This is not to say that the Old Testament does not have many enlightening stories to help us today, (1 Corinthians 10:11) but they only serve their purpose when they point to Jesus in all His glory. The ‘spirit’ or essence of any Old Testament account is that it points to Christ and His finished work. Jesus is the center and pinnacle of all things.

The following scripture repeats the words ‘all things’ no less than five times (five is God’s number of grace).

Colossians 1:16-18
16 For by Him all things were created that are in heaven and that are on earth, visible and invisible, whether thrones or dominions or principalities or powers. All things were created through Him and for Him. 17 And He is before all things, and in Him all things consist. 18 And He is the head of the body, the church, who is the beginning, the firstborn from the dead, that in all things He may have the preeminence. (Emphasis added).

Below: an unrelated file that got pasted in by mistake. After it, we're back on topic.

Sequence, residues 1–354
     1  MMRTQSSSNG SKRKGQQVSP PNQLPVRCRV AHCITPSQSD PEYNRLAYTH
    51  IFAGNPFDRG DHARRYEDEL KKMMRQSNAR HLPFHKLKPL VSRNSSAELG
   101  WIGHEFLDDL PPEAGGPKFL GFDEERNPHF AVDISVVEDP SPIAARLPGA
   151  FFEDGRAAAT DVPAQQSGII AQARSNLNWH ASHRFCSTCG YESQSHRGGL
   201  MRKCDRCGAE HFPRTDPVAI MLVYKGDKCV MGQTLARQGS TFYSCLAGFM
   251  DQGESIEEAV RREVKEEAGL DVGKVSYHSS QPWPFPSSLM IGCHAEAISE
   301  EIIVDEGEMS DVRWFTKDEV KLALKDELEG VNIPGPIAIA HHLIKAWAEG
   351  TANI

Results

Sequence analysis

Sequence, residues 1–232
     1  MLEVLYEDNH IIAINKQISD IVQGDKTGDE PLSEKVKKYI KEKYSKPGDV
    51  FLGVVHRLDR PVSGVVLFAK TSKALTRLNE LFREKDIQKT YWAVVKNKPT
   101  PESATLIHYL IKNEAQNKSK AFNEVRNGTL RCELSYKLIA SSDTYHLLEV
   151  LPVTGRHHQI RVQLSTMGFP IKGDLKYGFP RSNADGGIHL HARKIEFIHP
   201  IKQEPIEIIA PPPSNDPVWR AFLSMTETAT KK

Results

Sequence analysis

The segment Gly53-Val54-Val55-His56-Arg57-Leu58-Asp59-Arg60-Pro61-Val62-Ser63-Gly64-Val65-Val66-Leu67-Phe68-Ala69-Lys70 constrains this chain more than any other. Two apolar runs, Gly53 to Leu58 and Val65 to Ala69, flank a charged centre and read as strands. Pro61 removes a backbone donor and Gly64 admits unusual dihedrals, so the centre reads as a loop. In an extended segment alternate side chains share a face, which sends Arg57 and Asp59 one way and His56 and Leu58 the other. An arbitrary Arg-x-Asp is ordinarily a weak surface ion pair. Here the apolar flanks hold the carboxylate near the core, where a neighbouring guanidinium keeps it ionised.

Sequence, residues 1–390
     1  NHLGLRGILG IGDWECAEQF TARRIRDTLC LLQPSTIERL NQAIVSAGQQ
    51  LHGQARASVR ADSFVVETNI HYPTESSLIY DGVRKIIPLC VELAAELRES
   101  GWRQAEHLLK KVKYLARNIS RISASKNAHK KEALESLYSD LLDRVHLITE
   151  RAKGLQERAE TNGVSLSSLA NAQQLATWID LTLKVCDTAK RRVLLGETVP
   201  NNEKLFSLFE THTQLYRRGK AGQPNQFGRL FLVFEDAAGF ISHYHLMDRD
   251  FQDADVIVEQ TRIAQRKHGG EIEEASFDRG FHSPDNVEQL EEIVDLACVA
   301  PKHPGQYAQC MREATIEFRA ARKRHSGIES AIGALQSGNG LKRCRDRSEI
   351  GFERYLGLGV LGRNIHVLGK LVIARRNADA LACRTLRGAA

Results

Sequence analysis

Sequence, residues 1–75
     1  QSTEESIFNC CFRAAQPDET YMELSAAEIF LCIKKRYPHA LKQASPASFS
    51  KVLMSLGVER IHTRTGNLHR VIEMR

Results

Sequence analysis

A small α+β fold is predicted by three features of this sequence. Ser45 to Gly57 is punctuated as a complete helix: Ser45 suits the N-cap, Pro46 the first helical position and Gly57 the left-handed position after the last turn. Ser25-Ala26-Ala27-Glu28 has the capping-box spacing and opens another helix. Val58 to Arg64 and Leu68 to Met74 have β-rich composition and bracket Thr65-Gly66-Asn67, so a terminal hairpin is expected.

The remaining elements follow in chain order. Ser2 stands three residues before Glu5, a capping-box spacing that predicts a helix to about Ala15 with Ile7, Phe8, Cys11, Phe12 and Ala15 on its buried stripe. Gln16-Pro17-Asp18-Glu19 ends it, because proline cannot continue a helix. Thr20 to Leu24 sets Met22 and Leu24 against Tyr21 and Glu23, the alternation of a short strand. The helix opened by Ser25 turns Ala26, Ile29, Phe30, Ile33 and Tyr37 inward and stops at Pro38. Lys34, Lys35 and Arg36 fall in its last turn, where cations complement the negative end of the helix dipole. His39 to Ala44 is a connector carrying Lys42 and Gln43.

When God began to refocus my attention on Jesus, I had to go over my teaching and preaching material to see how much I had drifted from the centrality of a vital relationship with Christ into a religious set ‘Christian’ do’s and don’ts, principles and strategies.

Incidentally, there is an interesting insight gained from the meaning of the three disciples’ names who accompanied Jesus up the mountain that day. In the original languages and usage it was understood that John means ‘grace’, James means ‘he who supplants’ and Peter means ‘rock’ or stone. Put together we see that God’s grace in Jesus (John) supplants (James) the stony or rock like (Peter), unbending and ultimately condemning requirements of the Law (the law was engraved on stone on Mt Sinai). Hidden in the choice of the three disciples that day is God’s plan to ‘exalt’ Jesus above the Law, which the Jews were so preoccupied with.